The freshness and allure of a rainbow is, at least partly, due to their rarity. It’s a unique moment, one worthy of stopping to see and take in. If there was a rainbow every day, at nearly the same time every day, their colors would begin to gray in the mind and it would begin to fade into the background.
If you’ve ever stopped to truly watch a sunrise or sunset, you may have some awareness of this. It is a gorgeous event, awe-inspiring, and every day is different. Yet because of its dailiness, we lose interest. It becomes mundane.
So it is with much of life. For many of us, it is easier for the mind to fixate on problems, fears, and worries than it is to feel awe and gratitude at all the good, supportive experiences we have daily. We take things for granted.
There are two experiences that tend to wake us up from this taking for granted—grief, and gratitude. Losing what we took for granted really helps us to see how much we depended upon it, how important it was to us. Then we might feel regret at having not taken more time to appreciate it. Maybe the rest of life becomes more colorful and alive as we recognize that we could, and will, lose everything.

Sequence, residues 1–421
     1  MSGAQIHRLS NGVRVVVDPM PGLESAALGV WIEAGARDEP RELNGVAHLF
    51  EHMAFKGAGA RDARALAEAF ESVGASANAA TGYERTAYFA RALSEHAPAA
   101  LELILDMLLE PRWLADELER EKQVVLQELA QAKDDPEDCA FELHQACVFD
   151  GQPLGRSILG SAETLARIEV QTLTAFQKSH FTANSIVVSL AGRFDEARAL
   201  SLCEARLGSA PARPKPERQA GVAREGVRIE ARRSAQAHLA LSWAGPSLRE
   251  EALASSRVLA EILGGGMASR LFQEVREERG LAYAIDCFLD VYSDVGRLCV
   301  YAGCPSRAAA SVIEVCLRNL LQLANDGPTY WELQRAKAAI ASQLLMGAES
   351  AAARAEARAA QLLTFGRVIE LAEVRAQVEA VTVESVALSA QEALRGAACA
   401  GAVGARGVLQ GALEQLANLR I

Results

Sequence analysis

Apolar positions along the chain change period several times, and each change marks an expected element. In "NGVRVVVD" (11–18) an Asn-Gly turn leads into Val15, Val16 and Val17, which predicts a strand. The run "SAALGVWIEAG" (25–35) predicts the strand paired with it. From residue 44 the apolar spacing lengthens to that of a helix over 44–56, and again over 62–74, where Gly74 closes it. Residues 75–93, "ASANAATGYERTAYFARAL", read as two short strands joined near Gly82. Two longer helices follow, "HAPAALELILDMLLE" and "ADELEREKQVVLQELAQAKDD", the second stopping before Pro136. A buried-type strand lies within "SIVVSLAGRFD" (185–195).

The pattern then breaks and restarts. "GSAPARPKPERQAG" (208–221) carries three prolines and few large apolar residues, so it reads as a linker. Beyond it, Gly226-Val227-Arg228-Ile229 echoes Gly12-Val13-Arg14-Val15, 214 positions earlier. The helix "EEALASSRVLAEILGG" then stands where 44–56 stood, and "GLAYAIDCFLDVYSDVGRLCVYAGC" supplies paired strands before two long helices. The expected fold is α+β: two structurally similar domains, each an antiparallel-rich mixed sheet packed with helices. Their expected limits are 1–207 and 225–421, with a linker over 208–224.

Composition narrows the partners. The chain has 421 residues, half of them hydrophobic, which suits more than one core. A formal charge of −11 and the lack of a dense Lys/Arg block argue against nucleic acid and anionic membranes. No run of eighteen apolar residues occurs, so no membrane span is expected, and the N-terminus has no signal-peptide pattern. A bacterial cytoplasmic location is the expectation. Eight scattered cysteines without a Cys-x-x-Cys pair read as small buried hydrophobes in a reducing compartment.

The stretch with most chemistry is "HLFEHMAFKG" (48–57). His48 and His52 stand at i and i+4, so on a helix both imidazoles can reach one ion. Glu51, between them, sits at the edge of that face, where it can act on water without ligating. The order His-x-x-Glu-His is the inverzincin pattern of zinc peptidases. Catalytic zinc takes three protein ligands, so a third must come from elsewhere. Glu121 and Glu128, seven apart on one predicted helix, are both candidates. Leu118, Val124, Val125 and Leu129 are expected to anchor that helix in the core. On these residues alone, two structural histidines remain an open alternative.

Fortunately, we can actively work on cultivating more gratitude and appreciation, before we lose something dear. We can practice gratitude in a way that activates gratefulness, and not waiting for gratitude or fixating on ingratitude.
Cultivating gratitude is a practice of connecting to that which feels supportive, nourishing, wonderful, or joy-inspiring. We can be grateful even when we feel suffering, when we feel guilt, when the things we feel grateful about are endangered or morally ambiguous. Gratitude does not eclipse harm, does not mean life is purely okay. It is more about widening the scope of vision. Instead of focusing narrowly on what is wrong, we widen the lens to also see what is beneficial about what is.
The practice of gratitude recorded in the following meditation engages with the often complex nature of gratitude. If I feel gratitude at the trees and plants for providing the oxygen that keeps me alive, a part of me recalls that these trees and plants may be endangered by certain economic and political practices. I feel a natural want to protect them, one that comes from love and not guilt and obligation.
The recorded meditation engages with cultivating gratitude for things about which we might feel guilt, shame, or hurt about. This is not about making excuses or minimizing harm. What has happened in the past, we cannot change, but we can change the meaning of that event. We can feel grateful for the ways we’ve learned to survive or thrive in spite of harm. We can feel grateful for what we’ve experienced since the harm. We can feel grateful for the strengths and supports that got us through those moments.
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